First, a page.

Recently in this space we talked about how, when two punctuation marks bump up against each other, one can sometimes preclude the other.
For example, a phrase that would normally be followed by a comma that you instead set off with dashes drops the comma: “If you want to have a great Sunday — and by great I mean lazy — hit the beach.”
Normally, there would be a comma at the end of that phrase that ends with Sunday. The dash renders it unnecessary.
But there are plenty of situations in which one punctuation mark comes immediately after another and both of them have to learn to coexist. Here are a few.
Period after closing parenthesis: If you write a sentence that ends with an internal parenthetical thought, you end up with a period immediately after a closing parenthesis (like this). That’s because when parenthetical information is incorporated into the sentence, the period comes after.
Period before closing parenthesis: On the other hand, when the parenthetical is a standalone sentence, the period goes inside. (This sentence is an example.) And, once again, we have two punctuation marks living in perfect harmony.
Comma after parenthesis: If your parenthetical info appears anywhere in your sentence where you’d normally use a comma, proceed as usual: If you like pizza (and I know you do), check out Gianni’s.
But there’s never a time when you’d use a comma immediately before a closing parenthesis because the parenthetical information doesn’t continue after the parentheses close up shop.
Apostrophe with a period, comma, exclamation point or question mark: In dialogue and slang, it’s common for an apostrophe to replace the last letter of a word. That’s especially true when the last three letters are ING: Jed just kept walkin’ and talkin’. If one of these appears at the end of a sentence or clause, the punctuation mark comes after, not before. That’s because the apostrophe is pinch hitting for a letter, making it part of the word.
Apostrophe with single quotation mark: This one’s harder. Sometimes one of those words that ends in an apostrophe can appear at the end of an internal quotation that ends with a single quote mark: Jed said, ‘I’m walkin’’ and he wasn’t kidding. At the end of walkin, the first apostrophe-looking mark is indeed an apostrophe. But the second one is a closing single quotation mark. You won’t encounter these situations often, but when you do, remember that each mark has a job to do.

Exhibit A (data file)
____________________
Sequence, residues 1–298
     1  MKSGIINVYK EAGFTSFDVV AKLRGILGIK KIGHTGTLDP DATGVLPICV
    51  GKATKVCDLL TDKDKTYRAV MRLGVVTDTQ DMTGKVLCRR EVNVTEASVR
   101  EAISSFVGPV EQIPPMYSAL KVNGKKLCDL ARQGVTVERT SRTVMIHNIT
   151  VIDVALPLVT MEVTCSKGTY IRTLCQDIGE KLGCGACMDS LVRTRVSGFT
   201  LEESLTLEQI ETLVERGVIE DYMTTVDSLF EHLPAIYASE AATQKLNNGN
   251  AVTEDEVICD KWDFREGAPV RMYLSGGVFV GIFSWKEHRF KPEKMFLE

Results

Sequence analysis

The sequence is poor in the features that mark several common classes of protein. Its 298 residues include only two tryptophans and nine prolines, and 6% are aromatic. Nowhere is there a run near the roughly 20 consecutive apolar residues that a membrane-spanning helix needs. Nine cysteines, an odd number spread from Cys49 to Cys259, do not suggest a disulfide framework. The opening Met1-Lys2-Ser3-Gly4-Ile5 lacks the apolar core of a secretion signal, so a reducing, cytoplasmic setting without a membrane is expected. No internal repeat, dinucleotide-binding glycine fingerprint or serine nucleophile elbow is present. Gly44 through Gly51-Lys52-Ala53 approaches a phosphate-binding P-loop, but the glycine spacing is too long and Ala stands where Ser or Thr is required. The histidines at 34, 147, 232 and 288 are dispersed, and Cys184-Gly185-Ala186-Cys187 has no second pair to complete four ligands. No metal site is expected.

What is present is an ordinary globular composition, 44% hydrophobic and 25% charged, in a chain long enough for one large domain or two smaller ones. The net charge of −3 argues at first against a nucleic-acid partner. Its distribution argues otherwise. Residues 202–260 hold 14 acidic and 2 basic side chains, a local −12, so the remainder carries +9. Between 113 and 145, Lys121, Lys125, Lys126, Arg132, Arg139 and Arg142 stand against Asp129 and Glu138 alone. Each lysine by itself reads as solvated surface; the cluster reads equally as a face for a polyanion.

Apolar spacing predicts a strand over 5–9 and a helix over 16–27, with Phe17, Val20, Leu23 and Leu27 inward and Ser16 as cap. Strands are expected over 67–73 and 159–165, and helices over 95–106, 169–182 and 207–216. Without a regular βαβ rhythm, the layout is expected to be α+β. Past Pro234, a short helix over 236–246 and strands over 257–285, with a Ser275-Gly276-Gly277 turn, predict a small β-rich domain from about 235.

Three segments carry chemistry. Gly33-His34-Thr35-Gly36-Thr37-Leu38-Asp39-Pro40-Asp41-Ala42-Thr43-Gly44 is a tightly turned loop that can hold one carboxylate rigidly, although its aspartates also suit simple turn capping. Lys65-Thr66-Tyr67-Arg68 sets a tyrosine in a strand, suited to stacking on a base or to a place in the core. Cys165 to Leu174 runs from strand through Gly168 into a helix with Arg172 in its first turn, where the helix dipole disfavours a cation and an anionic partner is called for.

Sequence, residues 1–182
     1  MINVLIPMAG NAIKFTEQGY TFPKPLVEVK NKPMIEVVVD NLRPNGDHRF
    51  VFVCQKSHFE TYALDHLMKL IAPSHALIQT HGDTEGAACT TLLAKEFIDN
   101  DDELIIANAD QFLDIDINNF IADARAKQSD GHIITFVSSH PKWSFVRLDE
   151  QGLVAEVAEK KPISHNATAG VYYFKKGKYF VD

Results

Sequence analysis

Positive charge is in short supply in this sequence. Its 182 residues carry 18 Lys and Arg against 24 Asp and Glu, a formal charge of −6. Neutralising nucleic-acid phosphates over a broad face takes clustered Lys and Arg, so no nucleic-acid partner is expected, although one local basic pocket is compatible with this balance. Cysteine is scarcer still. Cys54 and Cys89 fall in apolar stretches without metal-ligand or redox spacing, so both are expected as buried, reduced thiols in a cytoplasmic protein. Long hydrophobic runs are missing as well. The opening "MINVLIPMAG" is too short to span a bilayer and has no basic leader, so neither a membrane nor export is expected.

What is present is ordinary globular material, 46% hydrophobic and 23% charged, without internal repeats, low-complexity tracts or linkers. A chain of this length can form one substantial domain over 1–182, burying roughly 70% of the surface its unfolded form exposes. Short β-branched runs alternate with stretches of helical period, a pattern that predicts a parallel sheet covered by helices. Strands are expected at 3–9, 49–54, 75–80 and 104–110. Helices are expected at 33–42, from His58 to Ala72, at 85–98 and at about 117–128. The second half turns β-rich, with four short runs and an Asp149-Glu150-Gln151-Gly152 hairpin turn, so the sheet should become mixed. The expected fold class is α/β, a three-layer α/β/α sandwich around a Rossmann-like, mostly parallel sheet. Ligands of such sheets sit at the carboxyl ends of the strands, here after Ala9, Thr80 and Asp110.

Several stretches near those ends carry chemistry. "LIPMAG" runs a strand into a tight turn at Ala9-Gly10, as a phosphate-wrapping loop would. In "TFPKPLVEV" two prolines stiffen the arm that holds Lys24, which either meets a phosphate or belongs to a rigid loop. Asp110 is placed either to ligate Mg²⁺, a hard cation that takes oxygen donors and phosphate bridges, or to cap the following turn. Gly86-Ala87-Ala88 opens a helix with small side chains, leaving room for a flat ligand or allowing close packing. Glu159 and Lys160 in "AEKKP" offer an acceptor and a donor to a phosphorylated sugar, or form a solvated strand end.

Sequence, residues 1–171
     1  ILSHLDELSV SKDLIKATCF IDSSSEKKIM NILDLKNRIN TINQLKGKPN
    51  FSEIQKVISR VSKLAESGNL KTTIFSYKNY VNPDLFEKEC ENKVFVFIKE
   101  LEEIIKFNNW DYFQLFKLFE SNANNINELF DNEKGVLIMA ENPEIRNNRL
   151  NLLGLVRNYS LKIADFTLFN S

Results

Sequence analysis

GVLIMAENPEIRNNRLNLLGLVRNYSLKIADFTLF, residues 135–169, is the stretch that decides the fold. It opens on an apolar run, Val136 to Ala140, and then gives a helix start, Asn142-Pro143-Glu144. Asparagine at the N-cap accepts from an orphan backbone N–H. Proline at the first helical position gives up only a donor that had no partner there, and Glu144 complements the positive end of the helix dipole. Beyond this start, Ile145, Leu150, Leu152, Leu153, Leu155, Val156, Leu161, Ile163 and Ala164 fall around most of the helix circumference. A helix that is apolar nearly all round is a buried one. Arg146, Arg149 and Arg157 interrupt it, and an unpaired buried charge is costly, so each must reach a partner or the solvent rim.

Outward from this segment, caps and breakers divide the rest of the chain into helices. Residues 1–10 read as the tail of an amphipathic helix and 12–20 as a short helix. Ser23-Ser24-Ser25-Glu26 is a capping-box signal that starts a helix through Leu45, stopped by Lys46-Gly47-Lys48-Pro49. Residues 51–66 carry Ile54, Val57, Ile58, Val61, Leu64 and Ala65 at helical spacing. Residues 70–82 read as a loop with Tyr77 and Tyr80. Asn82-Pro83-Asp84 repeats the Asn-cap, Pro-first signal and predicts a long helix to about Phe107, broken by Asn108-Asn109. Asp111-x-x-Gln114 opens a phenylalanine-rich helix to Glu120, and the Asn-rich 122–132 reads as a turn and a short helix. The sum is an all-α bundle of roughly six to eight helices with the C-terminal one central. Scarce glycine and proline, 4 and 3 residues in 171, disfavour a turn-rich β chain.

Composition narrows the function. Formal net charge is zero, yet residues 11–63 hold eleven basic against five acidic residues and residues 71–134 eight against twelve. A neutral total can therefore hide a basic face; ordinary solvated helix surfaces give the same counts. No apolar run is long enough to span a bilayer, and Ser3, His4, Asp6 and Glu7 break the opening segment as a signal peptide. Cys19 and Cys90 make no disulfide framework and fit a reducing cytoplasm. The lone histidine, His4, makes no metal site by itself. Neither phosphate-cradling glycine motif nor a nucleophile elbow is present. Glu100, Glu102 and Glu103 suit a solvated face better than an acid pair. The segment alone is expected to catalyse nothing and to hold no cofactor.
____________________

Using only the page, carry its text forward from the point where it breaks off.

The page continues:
Apostrophe with comma and single quotation mark: Take our Jed sentence above and put it at the end of a clause and you get three punctuation marks in a row: “Jed said, ‘I’m walkin’,’ though he was really running.” Confusing, but conquerable if you proceed with caution. An apostrophe stands in for a G, then a comma ends the clause, then a single quotation mark ends the quotation.
Apostrophe with comma, single quotation mark and double quotation mark: Are you sitting down? Here’s what you get when our last example appears all the way at the end of a sentence when the larger quotation and the internal quotation end at the same time: “I heard Jed when he said, ‘I’m walkin’.’” Apostrophe, period, single quotation mark, double quotation mark. It’s a pileup worthy of a drive-time radio traffic report. But it’s right.
Question mark with exclamation point: Sometimes movie or book titles or even proper names end in an exclamation point. Occasionally that title or name appears at the end of a question: Did you see Airplane!? The reverse is also possible, but less common: I loved “What About Bob?!” In AP style, those titles would be not in italics but in quotation marks, adding to the pileup: I loved “What About Bob?”! If all that appeared within a larger quotation, you could be forgiven for giving up on punctuation altogether: Beth said, “I loved ‘What About Bob?’!”